On September 3, 2009, the Johns Hopkins Bloomberg School of Public Health, the Maryland Governor’s Office for Children, and the Annie E. Casey Foundation hosted a meeting at the Johns Hopkins Mt. Washington Conference Center, Connecting the DOTS: Promoting Positive Mental health and Youth Development and Preventing Mental Disorders, Substance Abuse, and Youth Violence by Increasing the Synergy of Efforts. The meeting was convened to determine how federal agencies, states, and local communities are implementing and sustaining effective policies and practices and also to identify barriers overcome and/or encountered in these efforts. The meeting was attended by more 100 individuals including federal agencies, state and local policy makers, and academic researchers.
The Connecting the Dots meeting was precipitated by (1) changes in federal policies that are creating opportunities for states and local communities to more effectively implement prevention and asset development strategies and (2) by recent Institute of Medicine reports, Preventing Mental, Emotional, and Behavioral Disorders Among Youth (IOM 2009a) and Depression in Parents, Parenting, and Children Opportunities to Improve Identification, Treatment, and Prevention (IOM 2009b) that document that many effective policies, practices, and strategies for reducing drug use, mental health problems and violence in youth exist. Unfortunately these programs and strategies currently benefit relatively few children, youth, and families in the U.S.
Not only are relatively few children, youth, and families benefiting for our extensive knowledge of how to prevent drug use, youth violence, academic failure, and mental health problems but many existing policies and procedures are not even consistent with scientific evidence or effective administrative practices. Much of our nation’s lack of infrastructure stems from a lack of synergy of federal policies and procedure. With little coordination of efforts and the creating of many unrelated funding initiatives, the federal government supports an enormous number of disciplinary and programmatic silos that once created frequently impede the wide scale implementation and sustaining of effective practices.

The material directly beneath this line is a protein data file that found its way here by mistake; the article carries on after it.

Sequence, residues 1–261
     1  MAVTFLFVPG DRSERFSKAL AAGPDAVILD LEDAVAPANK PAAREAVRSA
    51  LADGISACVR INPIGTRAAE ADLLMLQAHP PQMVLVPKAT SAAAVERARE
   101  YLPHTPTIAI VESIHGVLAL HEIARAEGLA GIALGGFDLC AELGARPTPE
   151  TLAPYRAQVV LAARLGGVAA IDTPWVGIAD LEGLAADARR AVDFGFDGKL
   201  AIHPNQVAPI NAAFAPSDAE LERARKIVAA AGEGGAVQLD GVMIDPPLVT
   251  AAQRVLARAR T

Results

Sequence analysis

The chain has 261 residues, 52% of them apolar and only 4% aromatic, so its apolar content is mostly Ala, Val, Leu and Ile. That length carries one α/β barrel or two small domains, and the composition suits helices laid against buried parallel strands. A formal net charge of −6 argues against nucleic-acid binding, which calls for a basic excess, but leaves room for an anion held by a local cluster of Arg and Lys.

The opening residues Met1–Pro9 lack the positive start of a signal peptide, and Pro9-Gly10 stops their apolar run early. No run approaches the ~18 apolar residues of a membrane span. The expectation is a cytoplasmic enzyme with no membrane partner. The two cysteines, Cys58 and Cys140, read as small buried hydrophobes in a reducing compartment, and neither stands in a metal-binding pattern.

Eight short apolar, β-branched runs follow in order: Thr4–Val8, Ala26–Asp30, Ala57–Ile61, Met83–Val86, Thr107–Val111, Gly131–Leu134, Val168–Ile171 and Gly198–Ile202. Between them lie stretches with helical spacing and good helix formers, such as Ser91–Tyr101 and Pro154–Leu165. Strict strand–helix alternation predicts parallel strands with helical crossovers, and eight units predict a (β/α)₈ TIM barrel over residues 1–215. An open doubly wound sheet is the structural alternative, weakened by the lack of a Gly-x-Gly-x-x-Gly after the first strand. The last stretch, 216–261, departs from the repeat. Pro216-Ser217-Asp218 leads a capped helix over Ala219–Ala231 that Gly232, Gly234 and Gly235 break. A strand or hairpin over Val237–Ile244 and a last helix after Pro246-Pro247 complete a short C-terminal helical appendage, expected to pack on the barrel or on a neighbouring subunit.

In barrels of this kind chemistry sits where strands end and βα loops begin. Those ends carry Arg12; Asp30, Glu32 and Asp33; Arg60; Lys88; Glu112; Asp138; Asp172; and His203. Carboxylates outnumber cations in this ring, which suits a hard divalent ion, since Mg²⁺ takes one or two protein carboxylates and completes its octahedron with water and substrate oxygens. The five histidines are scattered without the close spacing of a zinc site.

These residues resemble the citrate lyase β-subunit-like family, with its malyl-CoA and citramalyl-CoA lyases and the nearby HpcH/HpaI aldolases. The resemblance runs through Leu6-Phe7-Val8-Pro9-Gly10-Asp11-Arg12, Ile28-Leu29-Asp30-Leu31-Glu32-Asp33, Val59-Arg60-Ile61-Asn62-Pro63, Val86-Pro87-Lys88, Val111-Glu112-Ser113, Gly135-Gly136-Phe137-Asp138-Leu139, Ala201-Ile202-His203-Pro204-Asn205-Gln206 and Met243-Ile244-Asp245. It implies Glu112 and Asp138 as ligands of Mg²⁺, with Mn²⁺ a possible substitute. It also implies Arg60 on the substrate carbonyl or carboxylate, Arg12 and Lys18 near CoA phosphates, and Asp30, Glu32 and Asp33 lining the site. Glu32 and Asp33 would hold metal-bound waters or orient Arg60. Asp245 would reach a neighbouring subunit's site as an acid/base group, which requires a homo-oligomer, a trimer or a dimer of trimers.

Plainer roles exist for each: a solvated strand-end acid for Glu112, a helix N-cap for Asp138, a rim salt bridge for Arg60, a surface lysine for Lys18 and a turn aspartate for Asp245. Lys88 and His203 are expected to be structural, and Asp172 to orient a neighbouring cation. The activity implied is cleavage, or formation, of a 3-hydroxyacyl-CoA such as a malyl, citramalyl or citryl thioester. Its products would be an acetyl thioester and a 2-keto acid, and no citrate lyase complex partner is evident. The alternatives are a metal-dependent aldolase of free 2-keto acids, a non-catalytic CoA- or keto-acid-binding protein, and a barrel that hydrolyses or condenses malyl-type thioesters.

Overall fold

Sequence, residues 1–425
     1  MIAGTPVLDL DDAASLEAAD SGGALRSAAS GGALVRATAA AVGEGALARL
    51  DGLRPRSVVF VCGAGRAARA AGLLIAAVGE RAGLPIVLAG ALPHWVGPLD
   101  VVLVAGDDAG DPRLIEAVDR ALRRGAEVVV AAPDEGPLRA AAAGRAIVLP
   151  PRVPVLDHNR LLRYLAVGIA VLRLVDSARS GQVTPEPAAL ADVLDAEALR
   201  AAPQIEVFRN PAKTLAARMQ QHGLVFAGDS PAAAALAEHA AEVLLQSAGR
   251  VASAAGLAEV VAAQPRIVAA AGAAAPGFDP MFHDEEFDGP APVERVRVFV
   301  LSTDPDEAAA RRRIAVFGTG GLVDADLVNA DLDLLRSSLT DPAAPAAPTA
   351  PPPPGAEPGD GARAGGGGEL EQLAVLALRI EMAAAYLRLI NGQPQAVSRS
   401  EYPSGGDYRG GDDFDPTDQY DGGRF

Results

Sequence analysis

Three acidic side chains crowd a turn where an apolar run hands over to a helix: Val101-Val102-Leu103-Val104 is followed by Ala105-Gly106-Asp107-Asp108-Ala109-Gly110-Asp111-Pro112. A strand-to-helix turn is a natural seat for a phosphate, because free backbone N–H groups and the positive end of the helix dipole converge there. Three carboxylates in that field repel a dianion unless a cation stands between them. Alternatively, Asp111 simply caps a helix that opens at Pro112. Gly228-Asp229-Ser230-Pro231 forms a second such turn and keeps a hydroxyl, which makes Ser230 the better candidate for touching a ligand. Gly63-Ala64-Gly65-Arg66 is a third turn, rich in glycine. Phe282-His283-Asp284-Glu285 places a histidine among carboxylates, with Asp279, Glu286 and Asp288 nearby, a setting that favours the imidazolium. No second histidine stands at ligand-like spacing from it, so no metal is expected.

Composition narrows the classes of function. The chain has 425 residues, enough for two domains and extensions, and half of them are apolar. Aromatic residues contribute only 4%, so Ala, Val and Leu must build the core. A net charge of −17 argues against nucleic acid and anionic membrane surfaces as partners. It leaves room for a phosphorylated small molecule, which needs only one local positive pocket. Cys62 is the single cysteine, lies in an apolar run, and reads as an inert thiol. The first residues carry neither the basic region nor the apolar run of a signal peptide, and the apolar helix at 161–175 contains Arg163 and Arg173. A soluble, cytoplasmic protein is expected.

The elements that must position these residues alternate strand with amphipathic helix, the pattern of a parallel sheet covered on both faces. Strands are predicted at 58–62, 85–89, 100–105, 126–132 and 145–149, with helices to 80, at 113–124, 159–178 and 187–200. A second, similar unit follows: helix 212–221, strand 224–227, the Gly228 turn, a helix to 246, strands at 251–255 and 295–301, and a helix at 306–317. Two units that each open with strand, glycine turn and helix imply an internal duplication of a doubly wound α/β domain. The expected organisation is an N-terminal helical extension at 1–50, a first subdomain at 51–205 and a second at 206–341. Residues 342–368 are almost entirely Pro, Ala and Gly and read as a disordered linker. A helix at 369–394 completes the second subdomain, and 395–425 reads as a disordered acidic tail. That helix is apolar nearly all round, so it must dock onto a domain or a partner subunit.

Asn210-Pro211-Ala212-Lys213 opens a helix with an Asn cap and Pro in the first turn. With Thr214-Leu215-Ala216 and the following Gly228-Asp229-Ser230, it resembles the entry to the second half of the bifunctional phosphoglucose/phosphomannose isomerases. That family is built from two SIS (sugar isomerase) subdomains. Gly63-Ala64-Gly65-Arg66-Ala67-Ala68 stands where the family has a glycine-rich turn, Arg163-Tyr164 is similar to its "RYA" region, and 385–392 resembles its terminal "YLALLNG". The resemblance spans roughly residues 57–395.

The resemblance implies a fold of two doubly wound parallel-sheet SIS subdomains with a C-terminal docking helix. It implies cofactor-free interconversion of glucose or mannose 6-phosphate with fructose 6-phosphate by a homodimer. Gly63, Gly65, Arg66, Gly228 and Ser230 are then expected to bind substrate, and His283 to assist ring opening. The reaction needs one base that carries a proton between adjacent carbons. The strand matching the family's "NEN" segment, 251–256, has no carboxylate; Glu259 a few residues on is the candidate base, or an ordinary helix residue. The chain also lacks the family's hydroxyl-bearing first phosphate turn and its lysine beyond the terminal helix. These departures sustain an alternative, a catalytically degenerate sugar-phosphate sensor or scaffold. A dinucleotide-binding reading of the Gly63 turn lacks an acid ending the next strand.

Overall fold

Philip J. Leaf, Professor, Johns Hopkins Bloomberg School of Public Health
Director, JHSPH Center for the Prevention of Youth Violence
C. Hendricks Brown, University of Miami
Patti Chamberlain, Center for Research to Practice
Jeanne Poduska, American Institute for Research
Peter Wyman, University of Rochester
Mark T. Greenberg, Bennett Chair Of Prevention Science
Prevention Research Center, Pennsylvania State University
National Research Councel and Institute of Medicine of the National Academies
The National Academies, Advisors to the Nation on Science, Engineering and Medicine
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